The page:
On our way south we stopped in Chico, California, where I got to observe a couple of hours of Danzan Ryu Jujitsu classes at Chico Kodenkan (founded in 1939!). Aikido has roots in Jujitsu, but I'd never actually seen it before. So I was very fortunate that this dojo was about 3 blocks from where Michael went to play in a traditional Irish music session, and happened to have classes at the same time. Here I only went to watch, but the teacher (maybe Ken Couch?) was very generous about stepping off the mat to explain their teaching system and history, and to answer my questions. He said next time they'd get me on the mat. That would be fun! I also got to meet their Sensei, Delina Fuchs, a gracious woman who made me feel very welcome. Once more, if you're in Chico... Well, you know. :-) The class I watched included two senior students who appeared to be training for an upcoming exam, and a few children who were just beginning. A couple of the kids had to go early, leaving one very new boy and the two seniors in the class. The instructor had them do a really creative, fun Sumo kind of exercise in balance breaking that put the little newbie kid on an equal footing with the much more experienced, bigger students. I often find that watching the teaching and class management is as fascinating as seeing the techniques demonstrated, and this fun, effective exercise was a great opportunity for that.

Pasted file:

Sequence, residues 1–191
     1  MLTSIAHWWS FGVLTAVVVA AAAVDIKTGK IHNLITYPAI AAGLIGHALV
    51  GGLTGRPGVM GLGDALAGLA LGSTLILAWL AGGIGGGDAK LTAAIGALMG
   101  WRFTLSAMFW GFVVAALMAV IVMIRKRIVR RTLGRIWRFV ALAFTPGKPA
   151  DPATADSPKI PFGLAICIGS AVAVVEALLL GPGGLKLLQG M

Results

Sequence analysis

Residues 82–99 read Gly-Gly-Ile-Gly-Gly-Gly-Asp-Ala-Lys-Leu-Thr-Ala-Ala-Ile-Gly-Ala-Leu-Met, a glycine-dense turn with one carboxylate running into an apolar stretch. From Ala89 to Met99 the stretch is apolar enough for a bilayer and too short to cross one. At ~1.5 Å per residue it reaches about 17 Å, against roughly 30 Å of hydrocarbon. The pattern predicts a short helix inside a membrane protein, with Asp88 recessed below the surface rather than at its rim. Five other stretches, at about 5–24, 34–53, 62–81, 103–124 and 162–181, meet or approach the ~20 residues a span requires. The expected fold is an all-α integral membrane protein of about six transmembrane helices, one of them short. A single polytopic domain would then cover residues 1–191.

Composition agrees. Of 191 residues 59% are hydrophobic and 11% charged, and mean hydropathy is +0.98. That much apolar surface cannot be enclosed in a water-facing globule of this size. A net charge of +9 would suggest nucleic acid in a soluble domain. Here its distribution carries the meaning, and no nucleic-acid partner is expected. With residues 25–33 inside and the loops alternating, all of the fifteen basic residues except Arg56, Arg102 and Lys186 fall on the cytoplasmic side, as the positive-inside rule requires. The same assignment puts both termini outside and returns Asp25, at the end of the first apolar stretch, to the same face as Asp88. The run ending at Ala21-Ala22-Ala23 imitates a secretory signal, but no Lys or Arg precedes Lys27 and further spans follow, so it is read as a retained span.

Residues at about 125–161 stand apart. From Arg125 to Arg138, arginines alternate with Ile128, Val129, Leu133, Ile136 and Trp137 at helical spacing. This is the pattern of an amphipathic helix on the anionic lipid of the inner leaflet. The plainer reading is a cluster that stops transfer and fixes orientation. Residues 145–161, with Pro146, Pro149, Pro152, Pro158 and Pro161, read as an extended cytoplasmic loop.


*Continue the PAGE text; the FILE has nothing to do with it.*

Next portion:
After returning from vacation, on Saturday, September 1st we had two shodan exams at our dojo. We've averaged about one a year since I started, so two on one day was a big deal. It was great to see two friends who have mentored and encouraged me from day one take that big step. Inspiring. And the next day (Sunday) one of our other shodans celebrated his 75th birthday!